What writers can learn from Garfield

Yes, that’s right. We’ve talked about Calvin and Hobbs. We’ve talked about Peanuts. We’ve talked about Cathy. Now, I’m back from Nebula Con, and I’m fighting allergies for every breath that goes in or out of my body. So I’m pissy and ready to talk about Garfield. 

 A cautionary tale for writers if there ever was one. 

Unlike the other comic strips in this series, Garfield is a lesson in what not to do. As in, what not to do with a franchise that is smart, edgy, and popular.

Launching in 1976, then titled Jon (The name didn’t change to Garfield until the strip was syndicated in 1978) the Garfield comic strip is probably as well known as Mickey Mouse.

In the beginning, it was way darker than most people realize. Jon once had a roommate named Lyman. He was Odie’s original person, and he vanished without a trace. He’ll make the occasional appearance, but for the most part, he’s not around. When questioned, Jim Davis would for the longest time say that no one should look in Jon’s basement. 

Man, I loved that. I also loved the series of comics that seemed to suggest that Garfield was left alone at home, without food or family, to starve to death. There’s a fan theory that nothing after that strip is real, it’s just a fever dream of Garfield’s to comfort him as his life ends, lonely and starving. 

Lots of people have dark fan theories about Garfield. And they’re fun. At least to a twisted person like me. 

The strip itself used to be fun. You had Jon, a successful cartoonist who isn’t successful at anything else. He strikes out constantly with Dr. Liz. He has no friends, except Lyman. His pets don’t respect him, and his neighbors hate him.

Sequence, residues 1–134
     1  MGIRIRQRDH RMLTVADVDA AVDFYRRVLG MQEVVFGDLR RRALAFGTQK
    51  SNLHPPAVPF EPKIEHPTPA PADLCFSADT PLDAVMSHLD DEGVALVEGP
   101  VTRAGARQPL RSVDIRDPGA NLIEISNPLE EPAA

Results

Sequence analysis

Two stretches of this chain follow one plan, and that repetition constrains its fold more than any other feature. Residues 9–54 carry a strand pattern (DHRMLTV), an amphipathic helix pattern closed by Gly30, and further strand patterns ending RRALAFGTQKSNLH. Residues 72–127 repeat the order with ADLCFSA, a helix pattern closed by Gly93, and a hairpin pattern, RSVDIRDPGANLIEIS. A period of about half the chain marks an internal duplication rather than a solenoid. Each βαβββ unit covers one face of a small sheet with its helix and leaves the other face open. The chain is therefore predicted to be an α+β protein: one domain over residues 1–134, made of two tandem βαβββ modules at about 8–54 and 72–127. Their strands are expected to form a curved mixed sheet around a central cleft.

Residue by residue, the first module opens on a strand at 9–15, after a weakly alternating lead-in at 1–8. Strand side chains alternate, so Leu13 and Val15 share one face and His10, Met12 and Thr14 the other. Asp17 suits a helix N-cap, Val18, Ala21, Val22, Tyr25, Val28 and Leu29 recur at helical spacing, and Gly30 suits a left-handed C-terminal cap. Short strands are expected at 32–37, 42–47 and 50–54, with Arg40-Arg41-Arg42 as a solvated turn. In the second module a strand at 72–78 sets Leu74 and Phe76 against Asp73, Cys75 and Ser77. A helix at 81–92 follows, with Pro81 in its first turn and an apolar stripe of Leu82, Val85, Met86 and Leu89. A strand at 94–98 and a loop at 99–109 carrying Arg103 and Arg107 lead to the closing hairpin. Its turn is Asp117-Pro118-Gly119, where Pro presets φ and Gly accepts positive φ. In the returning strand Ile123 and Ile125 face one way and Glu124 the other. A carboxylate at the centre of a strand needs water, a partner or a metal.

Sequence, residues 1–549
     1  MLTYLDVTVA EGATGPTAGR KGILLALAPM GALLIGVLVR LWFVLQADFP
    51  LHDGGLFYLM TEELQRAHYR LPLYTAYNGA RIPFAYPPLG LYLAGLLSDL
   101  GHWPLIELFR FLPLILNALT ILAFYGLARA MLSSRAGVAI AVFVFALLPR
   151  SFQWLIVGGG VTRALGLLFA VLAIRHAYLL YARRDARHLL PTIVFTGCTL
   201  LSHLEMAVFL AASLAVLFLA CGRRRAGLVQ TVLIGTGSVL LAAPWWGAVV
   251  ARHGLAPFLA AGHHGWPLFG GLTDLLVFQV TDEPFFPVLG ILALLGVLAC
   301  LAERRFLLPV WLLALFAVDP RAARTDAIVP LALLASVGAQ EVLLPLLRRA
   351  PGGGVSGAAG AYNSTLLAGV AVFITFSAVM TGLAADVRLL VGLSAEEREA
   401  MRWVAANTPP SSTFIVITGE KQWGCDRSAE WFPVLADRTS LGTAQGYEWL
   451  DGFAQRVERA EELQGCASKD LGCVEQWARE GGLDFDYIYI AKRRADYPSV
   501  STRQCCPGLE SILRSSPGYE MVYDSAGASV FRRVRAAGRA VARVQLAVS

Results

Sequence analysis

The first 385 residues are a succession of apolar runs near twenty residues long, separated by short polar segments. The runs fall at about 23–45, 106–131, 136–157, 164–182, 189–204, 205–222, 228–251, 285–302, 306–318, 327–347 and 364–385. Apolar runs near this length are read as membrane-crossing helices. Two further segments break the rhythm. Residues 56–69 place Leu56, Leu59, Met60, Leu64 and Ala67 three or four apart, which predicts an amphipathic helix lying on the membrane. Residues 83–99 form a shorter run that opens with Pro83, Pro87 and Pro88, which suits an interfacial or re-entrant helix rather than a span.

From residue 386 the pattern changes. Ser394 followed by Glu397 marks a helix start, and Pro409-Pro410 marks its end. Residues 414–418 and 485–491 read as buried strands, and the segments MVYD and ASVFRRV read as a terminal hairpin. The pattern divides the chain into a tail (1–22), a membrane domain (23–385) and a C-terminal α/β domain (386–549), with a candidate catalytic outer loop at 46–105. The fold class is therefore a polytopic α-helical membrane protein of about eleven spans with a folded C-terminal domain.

That’s funny. 

Then, there’s Garfield. He’s smart-mouthed, violent, and self-indulgent. He eats too much and doesn’t work out enough. He hates Mondays (even though he doesn’t work) and loves lasagna, his bear Pookie and his grandma. (Jon’s Grandma, who is exactly who I want to grow up to be.)

Add Odie into the mix as the idiot with all the luck, and it’s a cute mix. 

Then, things got stagnant. The stories came to a standstill. Then, like everything else that stops moving, it started to rot. 

Now, to my dismay, Garfield is a joke. It’s a strip that tells the same five jokes over and over. It’s a cartoon that has the laziest artwork I’ve ever seen. It’s a cringe-inducing movie. It is, in short, a disappointment.

So today, let’s discuss how we can learn from this. How can we avoid being Garfield? 

Don’t stop growing

Some of you reading this are going to be stars. It’s just a numbers game. Someone reading this is going to make it big. You’re going to be a household name, a Stephen King or a Toni Morrison. 

Many of you reading this will achieve at least some success so long as you keep writing and keep submitting. Again, it’s just a numbers game. To succeed in writing you need talent, persistence, and luck. And talent means the least of those three.

When you succeed, do not stop growing. Do not stop learning and becoming a better writer. 

That’s what, I think, happened to Jim Davis. He had success. Like, a lot of it. His characters are well-known and loved all over the planet. 

So he stopped getting better. 

Do you know who hasn’t stopped getting better? Stephen King. I know, me praising the King? Big surprise. But it’s true. His books keep on getting better. The Outsider was better than anything he’d written to that point. Then he wrote If It Bleeds, and that was even better still.